A clutch of police forces is expected to hand the management of their cells to the private sector for the first time as they seek to meet stringent government cost saving targets.
Thames Valley Police, one of the UK’s largest, is set within weeks to announce the winner of the £60m to £80m competition to run its 600 cells for six years.
Six other forces – West Mercia Police, Warwickshire Police, Staffordshire Police, Gloucestershire Constabulary, Wiltshire Police and Hampshire Constabulary – have also joined the framework agreement on the outsourcing of so-called custody suites, where people arrested by police are processed and detained.
Private sector companies competing to win the Thames Valley contract include Capita, Serco and G4S and they are confident that the cuts to police budgets mean authorities will have little alternative but to outsource some areas, if they are going to reduce costs and preserve frontline services. Thames Valley Police declined to comment.
Andrew Haldenby, director of Reform, a think-tank, said: “The election of the police and crime commissioners put a break [sic] on outsourcing but there is now life in the market. It’s important that police forces are starting to club together to do deals.”
About eight police forces have already outsourced their custody suites. Reliance, which is now owned by Capita, had held the Thames Valley contract but the deal expired in April, since when the announcement of the new winner has been delayed.
Police outsourcing became highly politicised last year after the West Midlands and Surrey forces dropped a mooted £1.5bn deal, after concerns were raised about the inclusion of operational police duties such as patrols.
The election in November of police and crime commissioners, who have responsibility for procuring services, meant progress stalled further as the PCCs settled into their roles. However, a study by the University of Leeds found that fewer than a third of PCCs said in their manifestos that they opposed outsourcing to the private sector.
Companies argue that much of the political controversy is unwarranted and that the biggest savings come from administrative improvements rather than operational and frontline services. Staff costs account for about 80 per cent of police expenditure.
However, experts say the controversy may mean that police forces pursue smaller, less noticeable deals on a piecemeal basis. “In the new environment, police forces will do deals separately or in coalitions of the willing,” said Mr Haldenby. “Some deals may be relatively small but at least the market is opening up.”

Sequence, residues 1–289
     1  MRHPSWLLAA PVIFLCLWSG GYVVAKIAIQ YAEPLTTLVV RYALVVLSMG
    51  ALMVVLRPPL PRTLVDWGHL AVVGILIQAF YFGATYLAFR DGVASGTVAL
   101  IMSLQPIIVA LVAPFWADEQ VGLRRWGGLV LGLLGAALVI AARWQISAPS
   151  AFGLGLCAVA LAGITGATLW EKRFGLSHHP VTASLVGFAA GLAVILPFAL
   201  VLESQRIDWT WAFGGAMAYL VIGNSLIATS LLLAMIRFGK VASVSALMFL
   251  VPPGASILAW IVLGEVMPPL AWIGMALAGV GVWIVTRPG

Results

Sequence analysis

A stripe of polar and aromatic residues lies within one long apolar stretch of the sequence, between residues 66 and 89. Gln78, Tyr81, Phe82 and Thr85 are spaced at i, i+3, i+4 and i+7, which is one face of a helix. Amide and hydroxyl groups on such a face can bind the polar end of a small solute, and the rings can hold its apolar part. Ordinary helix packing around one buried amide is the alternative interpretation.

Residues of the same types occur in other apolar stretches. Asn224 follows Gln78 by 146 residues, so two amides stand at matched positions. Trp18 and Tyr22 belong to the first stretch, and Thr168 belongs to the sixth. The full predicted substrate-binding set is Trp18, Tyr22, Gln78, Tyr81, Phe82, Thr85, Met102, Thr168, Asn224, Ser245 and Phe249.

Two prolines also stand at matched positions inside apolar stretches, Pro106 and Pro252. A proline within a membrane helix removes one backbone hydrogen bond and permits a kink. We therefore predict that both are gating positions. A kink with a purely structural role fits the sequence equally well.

Private sector providers have already been used extensively by some forces.
Lincolnshire police is expected imminently to publish a report on the first year of its 10-year partnership with G4S. The £200m contract involved the transfer of half the force’s civilian staff to the private security company, in a deal that encompassed the widest spectrum of services offered in a single contract by a British police authority.
But the deal had been preceded by smaller administrative ones. In June 2010, Cleveland entered into a 10-year outsourcing arrangement with Steria for the provision of IT, call handling, criminal justice and finance-related services.
Meanwhile, Hampshire already has a partnership with the Thames Valley Police that covers IT as well as dogs, firearms and roads policing. A recent report into police custody in Hampshire by the Ministry of Justice found that their cells showed significant signs of “wear and tear”.
G4S recently pioneered a new form of custody provision in which mobile units are delivered by crane and “bolted on” to existing cells. The system – now in place in Boston, Lincolnshire – allows forces to expand their custody capacity at short notice in response to events.
This idea was suggested in Scotland during April 2008 but the response then from Kenny MacAskill, the justice secretary, was: “We don’t think privately run police custody facilities are any different to privately run prisons, and we don’t support them.”